Moazzam Begg, an ex-Guantánamo detainee and prominent critic of the West’s War on Terror, was arrested Tuesday in an “anti-terror raid” in Birmingham, England. Begg, a native-born British citizen, was detained for three years after September 11, 2001 without being charged of a crime. Glenn Greenwald and Murtaza Hussain at The Intercept discuss the “dubious terrorism charges” that are “part of the effort to criminalize Muslim political dissent.”
The Public Campaign Action Fund is spending $1 million to rally New York Gov. Andrew Cuomo and state legislators to pass a bill that would combat big-money politics and "raise up the voices of everyday people in our political process." Andy Kroll at Mother Jones has the story.
A secretly recorded video of recent Supreme Court oral argument has been released by the advocacy group 99Rise.org. Bill Mears of CNN reports on the rare footage that is raising concerns at the high court.
Dana Milbank of The Washington Post comments on the GOP’s frivolous lawsuits against the Obama administration and their ideological shift on judicial activism.
At ACLU’s Blog of Rights, Dennis Parker compares commentary on Adkins et al. vs. Morgan Stanley with the eloquent imagery of Jamaal May’s “There Are Birds Here.”
The American Bar Association Standards Review Committee is considering a recommendation that the ABA no longer prohibit law students from receiving money for internships and externships. Karen Sloan of The National Law Journal has the story.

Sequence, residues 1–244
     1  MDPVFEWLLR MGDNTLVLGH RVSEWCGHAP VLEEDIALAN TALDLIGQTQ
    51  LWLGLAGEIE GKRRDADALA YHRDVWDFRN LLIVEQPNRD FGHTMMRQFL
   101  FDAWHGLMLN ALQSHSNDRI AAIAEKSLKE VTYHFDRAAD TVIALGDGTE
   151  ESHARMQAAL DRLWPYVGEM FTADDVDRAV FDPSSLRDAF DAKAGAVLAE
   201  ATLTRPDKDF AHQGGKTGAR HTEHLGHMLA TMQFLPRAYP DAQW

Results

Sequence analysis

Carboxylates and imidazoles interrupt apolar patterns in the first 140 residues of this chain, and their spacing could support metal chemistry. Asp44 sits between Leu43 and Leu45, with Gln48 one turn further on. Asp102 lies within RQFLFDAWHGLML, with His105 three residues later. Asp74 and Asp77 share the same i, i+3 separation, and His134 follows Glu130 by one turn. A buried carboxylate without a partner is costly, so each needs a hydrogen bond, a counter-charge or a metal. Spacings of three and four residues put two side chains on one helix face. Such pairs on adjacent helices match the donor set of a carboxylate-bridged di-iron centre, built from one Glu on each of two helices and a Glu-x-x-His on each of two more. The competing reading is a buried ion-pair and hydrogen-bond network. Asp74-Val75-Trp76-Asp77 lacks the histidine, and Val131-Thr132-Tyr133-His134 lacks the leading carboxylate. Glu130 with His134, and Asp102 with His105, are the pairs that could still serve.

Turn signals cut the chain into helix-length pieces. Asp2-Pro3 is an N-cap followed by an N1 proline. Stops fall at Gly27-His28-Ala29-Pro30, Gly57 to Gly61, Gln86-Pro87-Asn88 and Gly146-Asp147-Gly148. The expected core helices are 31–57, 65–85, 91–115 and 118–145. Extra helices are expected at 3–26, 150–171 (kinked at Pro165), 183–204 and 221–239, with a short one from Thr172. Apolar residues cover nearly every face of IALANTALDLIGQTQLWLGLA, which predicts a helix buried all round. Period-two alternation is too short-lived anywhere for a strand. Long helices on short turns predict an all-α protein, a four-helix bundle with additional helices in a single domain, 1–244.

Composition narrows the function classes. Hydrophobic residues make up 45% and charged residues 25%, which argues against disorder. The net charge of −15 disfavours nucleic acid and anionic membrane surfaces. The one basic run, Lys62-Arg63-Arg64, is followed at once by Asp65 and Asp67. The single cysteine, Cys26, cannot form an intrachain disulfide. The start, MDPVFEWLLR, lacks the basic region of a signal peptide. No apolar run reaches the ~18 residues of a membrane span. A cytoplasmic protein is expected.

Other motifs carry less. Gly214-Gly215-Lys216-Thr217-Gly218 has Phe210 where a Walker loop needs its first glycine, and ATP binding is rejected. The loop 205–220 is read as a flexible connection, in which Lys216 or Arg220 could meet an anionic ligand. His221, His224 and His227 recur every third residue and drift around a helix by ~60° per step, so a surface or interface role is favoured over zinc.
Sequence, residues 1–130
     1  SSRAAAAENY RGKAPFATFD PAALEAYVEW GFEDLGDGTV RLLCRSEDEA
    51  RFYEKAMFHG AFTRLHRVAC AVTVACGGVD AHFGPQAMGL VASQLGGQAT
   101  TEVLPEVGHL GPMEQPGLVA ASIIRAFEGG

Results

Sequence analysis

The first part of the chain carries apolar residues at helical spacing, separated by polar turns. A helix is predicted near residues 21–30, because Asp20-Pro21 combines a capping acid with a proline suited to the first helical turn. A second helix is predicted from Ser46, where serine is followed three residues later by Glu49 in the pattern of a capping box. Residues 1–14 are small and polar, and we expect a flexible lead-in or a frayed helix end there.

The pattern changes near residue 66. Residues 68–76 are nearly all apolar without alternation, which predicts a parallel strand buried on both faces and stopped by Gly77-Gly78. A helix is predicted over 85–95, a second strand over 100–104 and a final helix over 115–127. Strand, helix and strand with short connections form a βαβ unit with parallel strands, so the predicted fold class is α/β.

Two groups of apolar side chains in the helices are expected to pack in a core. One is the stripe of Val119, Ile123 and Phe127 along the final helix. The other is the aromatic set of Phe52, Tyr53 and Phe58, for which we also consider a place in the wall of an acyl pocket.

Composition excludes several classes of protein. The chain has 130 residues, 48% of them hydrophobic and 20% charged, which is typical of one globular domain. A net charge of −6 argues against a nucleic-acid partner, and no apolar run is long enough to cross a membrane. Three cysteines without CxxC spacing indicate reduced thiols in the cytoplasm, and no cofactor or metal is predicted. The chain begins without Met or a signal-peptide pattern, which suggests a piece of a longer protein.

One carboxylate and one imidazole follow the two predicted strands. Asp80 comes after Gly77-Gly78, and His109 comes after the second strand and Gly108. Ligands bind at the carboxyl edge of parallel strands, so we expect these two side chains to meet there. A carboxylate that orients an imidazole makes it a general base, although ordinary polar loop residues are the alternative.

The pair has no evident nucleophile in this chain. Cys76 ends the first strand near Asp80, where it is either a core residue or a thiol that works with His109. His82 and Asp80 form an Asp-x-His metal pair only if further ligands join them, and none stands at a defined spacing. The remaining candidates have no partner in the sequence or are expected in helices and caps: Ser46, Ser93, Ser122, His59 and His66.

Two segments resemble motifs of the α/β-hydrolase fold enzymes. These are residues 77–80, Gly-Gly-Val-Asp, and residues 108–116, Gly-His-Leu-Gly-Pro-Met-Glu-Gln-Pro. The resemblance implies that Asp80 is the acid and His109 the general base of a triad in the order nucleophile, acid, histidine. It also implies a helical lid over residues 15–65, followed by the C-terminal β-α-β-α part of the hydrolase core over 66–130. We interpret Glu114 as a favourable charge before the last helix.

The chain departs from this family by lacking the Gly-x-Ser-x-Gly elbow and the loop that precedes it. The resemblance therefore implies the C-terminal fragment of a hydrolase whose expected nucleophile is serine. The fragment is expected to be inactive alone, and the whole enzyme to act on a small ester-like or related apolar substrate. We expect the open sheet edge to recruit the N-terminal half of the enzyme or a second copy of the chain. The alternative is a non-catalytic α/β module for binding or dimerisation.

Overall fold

In their debut article for The Intercept, Jeremy Scahill and Glenn Greenwald examine the National Security Agency’s controversial role in targeting terror suspects for lethal drone strikes and the effectiveness of geolocating technology.
Dallas District Attorney Craig Watkins created the nation's first Conviction Integrity Unit. In an interview with NPR’s Melissa Block, Watkins discusses the 87 overturned convictions in the U.S. in 2013 and what is being done in Dallas County to prevent miscarriages of justice.
With the U.S. Supreme Court returning to session on February 24, the justices could soon rule on whether legislative prayer violates the Establishment Clause. Michael Kirkland at UPI breaks down Town of Greece v. Galloway.
Controversy is swirling around a number of websites that have been set up by the National Republican Congressional Committee (NRCC) in recent months. The websites have URLs and headlines that imply support for named Democratic candidates for Congress. The websites also have prominent “donate” buttons. But in less prominent text, the websites indicate opposition to the named candidates and any contributions made via the websites actually go to the NRCC.
The Los Angeles Times has counted 18 such websites so far, with URLs such as AnnKirkpatrick.com, SinemaForCongress.com and RonBarber2014.com. Ann Kirkpatrick, Kyrsten Sinema and Ron Barber are all Democratic Members of Congress running for reelection this year. The headlines at the top of these pages read “KIRKPATRICK FOR CONGRESS,” “Kyrsten Sinema for CONGRESS” and “Ron Barber CONGRESS,” respectively. Time has described these websites as “clearly designed to trick the viewer—at least at first—into thinking they’re on a legitimate campaign website.” But these websites aren’t merely part of the underhanded games that typically accompany political campaigns. They also violate federal law.